The San Francisco 49ers are one of the trendy picks to represent the NFC in the Super Bowl, and possibly even win it all. We've seen a slew of predictions already, some of them as obvious as predicting that the sun will come up tomorrow while others are downright ridiculous.
The 49ers WILL make the playoffs this year, they WILL win their division, they WILL win at least one postseason game and they WILL establish themselves once again as one of the premier teams in the NFL. But, in the words of Coach Harbaugh, these predictions are "masters of the obvious." What follows are some things that will happen during the season that most people would laugh at, but will come true this year.
So if you have friends who aren't privy to the wide world of Bleacher Report, feel free to claim these outlandish statements as your own. You'll look like a first-rate clairvoyant at the end of the season. I recommend starting each of these claims to your friends with the words, "You heard it here first."
Kendall Hunter looks poised to take a huge step forward this preseason. He's looked faster and stronger than last year and his increased familiarity with the offense should help him make serious improvements in his overall game.
Already a reliable pass-blocker and receiving threat out of the backfield —along with a surprising ability to run tough between the tackles despite his 5'7" 199-pound stature— Hunter's only obstacle to becoming the No. 1 running back in the Niners' rotation is Frank Gore. It certainly isn't a lack of ability that keeps him firmly in the second spot on the depth chart.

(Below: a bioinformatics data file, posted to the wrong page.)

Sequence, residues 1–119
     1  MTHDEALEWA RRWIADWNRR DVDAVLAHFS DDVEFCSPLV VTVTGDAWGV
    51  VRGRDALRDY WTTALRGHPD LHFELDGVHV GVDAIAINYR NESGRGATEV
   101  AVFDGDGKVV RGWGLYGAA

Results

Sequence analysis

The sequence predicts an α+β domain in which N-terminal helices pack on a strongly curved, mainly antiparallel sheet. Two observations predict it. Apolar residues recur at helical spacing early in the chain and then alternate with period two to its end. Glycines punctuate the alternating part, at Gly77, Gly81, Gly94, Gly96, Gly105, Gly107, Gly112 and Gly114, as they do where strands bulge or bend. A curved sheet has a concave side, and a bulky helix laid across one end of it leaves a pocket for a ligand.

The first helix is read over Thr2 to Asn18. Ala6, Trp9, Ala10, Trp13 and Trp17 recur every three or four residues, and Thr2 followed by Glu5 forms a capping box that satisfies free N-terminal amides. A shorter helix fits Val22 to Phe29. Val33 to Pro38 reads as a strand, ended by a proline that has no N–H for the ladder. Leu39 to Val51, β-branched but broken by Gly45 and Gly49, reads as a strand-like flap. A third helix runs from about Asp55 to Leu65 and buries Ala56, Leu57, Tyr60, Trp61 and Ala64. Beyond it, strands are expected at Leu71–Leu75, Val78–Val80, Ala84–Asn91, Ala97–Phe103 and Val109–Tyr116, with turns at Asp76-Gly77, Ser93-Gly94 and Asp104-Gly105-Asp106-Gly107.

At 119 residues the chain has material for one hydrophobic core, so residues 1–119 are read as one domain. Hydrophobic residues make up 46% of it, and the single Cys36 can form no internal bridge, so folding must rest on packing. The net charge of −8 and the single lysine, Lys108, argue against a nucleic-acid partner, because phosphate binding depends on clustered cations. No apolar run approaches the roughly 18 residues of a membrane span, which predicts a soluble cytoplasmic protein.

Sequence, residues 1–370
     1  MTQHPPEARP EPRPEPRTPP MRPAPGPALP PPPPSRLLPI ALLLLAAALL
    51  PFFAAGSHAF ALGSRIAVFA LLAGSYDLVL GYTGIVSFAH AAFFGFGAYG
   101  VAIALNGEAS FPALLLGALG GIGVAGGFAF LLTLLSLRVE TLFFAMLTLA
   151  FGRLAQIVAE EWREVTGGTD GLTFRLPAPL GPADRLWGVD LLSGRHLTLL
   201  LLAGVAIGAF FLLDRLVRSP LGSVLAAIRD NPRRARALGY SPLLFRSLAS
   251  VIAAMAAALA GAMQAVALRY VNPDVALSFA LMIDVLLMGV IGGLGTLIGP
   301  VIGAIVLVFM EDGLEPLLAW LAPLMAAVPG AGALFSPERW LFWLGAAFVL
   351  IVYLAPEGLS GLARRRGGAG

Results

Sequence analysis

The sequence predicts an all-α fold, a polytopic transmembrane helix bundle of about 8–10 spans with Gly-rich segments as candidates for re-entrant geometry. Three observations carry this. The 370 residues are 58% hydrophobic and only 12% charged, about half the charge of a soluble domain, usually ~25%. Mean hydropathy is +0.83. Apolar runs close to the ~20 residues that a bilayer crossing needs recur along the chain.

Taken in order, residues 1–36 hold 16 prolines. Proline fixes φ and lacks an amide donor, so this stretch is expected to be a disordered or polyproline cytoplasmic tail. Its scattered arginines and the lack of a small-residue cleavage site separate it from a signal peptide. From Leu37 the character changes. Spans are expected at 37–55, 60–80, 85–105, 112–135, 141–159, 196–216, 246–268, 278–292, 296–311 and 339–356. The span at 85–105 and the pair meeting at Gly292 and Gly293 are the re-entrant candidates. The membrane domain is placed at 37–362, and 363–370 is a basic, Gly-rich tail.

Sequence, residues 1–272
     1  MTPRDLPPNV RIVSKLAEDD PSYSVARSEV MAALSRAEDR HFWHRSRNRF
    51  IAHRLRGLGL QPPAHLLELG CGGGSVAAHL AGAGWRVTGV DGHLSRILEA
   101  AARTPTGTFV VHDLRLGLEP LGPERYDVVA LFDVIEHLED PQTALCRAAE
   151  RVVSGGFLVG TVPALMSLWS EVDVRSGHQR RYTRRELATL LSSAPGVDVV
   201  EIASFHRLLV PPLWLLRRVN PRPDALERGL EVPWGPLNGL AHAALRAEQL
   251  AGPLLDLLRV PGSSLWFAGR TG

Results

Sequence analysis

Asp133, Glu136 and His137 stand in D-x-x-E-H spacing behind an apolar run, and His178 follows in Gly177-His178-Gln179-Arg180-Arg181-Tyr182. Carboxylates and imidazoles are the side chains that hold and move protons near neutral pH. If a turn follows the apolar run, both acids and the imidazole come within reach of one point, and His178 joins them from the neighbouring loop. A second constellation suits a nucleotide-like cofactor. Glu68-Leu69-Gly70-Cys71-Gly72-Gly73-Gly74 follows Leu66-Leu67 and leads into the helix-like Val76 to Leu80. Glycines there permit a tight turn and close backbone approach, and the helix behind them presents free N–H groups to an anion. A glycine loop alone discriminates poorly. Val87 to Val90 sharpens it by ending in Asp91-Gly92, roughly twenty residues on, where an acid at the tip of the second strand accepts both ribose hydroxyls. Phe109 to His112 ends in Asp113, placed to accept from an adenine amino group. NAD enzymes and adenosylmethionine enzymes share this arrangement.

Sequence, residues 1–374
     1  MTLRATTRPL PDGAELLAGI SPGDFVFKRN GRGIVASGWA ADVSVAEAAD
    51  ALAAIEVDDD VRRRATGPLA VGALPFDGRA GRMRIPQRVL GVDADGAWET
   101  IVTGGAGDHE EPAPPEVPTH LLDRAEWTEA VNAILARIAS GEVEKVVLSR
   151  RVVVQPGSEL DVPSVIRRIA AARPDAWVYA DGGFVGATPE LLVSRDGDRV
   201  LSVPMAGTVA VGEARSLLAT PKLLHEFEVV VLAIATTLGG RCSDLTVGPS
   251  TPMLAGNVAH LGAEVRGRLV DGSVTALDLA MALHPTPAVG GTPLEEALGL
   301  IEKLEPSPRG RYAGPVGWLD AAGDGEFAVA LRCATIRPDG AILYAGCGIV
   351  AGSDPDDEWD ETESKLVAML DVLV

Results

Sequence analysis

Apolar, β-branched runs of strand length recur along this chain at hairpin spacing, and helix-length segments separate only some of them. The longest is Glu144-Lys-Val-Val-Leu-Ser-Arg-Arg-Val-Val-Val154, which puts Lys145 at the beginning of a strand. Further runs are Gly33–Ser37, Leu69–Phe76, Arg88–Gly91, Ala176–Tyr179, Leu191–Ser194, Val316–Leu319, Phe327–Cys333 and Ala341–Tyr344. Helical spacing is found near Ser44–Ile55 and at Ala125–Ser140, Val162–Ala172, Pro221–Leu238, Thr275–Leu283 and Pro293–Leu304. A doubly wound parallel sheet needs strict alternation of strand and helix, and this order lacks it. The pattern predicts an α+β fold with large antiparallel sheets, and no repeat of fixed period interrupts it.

But with a weapon like Hunter, don't expect him to see second string-like playing time. Hunter is a versatile back who is quickly showing he can do a lot of things with the ball, especially in the open field. I expect Greg Roman and Jim Harbaugh to utilize him in myriad ways.
These are two of the best, most creative offensive minds in the league right now and there is every reason to believe that their superior ability as coaches, combined with the loss of Sean Payton's coaching in New Orleans, will allow them to use Hunter in ways that maximizes his talent above and beyond what Sproles will do this year.
So while Sproles will still have a huge season for the Saints this year, the combination of the equally-talented Hunter, an improved, diversified offensive scheme and the best play-callers in the game will enable Hunter to establish himself as one of the most dynamic threats out of the backfield.
That's right. You heard it here first. And I'm not talking about a better year in terms of how well the team does. There is no doubt in my mind that the 49ers will have a better year than the Broncos.
But the way Alex Smith will best Peyton Manning can be much more quantifiable than simple win-loss records. Smith will also end the year with a better passer rating and touchdown-to-interception ration than the elder Manning brother.
Alex Smith will always have his critics. There's probably nothing he could do, short of winning several Super Bowls, to validate his No. 1 overall pick status. But one thing that people forget about Smith is that he was considered a legitimate choice at No. 1 for a reason.